Not Everything Moves Fast
Years ago in the throes of everyone facing the Y2K push, I ran into a gentleman who built the tax systems for the US Government in the ’80’s. He mentioned that the IRS was still using his systems, and that they were not Y2K compliant. When I asked what the IRS was going to do, his opinion was that it, “involved a lot of hope.”
So this article at The Register doesn’t surprise me that much.
Issel is responsible for talent acquisition at GE Canada, and her post says there’s a “fantastic opportunity” for a PDP-11 programmer at GE’s Peterborough operation in Ontario.
“The role supports the nuclear industry who has committed to continue the use of PDP-11 until 2050”, she writes.
That certainly gives PDP-11 programming a longer skill life than OpenVMS – a grandchild of PDP-11 – which HP announced this month will begin its end-of-life march in 2015 and will lose all support in 2020. As we noted, VAX was a 32-bit upgrade to PDP-11, while VMS was born of the multiuser version of PDP.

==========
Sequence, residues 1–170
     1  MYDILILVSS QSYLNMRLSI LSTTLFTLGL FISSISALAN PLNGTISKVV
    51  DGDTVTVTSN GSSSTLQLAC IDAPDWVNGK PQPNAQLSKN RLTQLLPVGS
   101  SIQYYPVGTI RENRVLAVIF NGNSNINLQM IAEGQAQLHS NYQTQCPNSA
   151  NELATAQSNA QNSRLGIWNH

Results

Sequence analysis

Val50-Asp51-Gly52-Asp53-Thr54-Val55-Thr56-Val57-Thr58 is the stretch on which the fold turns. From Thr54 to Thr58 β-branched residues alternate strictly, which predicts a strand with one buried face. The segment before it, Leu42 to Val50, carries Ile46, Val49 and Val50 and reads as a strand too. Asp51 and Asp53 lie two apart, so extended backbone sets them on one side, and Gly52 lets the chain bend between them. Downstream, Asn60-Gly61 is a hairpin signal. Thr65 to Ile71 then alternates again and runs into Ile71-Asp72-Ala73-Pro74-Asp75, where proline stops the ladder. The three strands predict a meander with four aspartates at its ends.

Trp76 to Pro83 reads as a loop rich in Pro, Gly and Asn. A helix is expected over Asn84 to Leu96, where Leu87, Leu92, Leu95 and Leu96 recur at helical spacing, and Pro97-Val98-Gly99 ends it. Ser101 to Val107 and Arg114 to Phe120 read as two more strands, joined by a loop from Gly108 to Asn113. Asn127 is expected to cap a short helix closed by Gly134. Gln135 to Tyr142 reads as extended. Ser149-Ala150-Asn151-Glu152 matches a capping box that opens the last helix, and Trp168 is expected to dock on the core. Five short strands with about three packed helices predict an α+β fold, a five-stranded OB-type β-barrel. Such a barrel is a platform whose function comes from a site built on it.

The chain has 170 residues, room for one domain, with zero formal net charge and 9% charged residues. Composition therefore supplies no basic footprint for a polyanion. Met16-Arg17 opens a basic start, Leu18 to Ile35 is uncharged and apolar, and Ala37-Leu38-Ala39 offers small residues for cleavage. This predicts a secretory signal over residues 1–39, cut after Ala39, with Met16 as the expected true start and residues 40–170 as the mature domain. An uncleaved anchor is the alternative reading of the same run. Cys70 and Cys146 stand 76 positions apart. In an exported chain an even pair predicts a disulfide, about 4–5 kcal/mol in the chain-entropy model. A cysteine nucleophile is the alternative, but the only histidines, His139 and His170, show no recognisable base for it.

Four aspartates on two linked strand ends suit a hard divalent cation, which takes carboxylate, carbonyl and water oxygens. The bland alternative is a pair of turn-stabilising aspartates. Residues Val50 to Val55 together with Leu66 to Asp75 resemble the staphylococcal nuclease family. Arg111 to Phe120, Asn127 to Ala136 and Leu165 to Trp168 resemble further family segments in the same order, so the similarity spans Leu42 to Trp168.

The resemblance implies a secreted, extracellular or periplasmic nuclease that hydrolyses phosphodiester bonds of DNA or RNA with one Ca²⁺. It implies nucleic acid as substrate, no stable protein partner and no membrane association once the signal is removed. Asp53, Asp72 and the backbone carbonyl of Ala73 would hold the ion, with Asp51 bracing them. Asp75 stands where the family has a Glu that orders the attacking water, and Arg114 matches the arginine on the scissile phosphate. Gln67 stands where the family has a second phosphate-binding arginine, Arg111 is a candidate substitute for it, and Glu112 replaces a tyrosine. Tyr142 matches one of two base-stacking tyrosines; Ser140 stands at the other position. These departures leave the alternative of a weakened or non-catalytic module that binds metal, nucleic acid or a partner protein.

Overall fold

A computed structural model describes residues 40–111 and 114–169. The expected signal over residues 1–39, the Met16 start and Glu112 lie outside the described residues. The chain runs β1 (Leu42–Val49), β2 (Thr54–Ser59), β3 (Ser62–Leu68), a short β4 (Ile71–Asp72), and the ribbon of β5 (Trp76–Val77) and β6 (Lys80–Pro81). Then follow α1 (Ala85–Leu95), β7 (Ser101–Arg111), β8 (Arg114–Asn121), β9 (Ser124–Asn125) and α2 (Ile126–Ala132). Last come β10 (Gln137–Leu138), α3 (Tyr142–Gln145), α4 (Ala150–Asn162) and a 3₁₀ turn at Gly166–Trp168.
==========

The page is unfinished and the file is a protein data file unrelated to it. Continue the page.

I probably know some PDP-11 developers (and system architects) who just got a big smile on their faces. While most in the industry keep saying that old is bad and new is getting old, there’s a plethora of technology out there doing some really important stuff that’s never going to upgrade, but must improve. What we have to remember is that the technology decisions we make will have implications well past the sell date we have in our heads.
And I have to admit, it’s impressive that a venerable system architecture continues to do well. I tip my hat in respect for the engineers that designed it.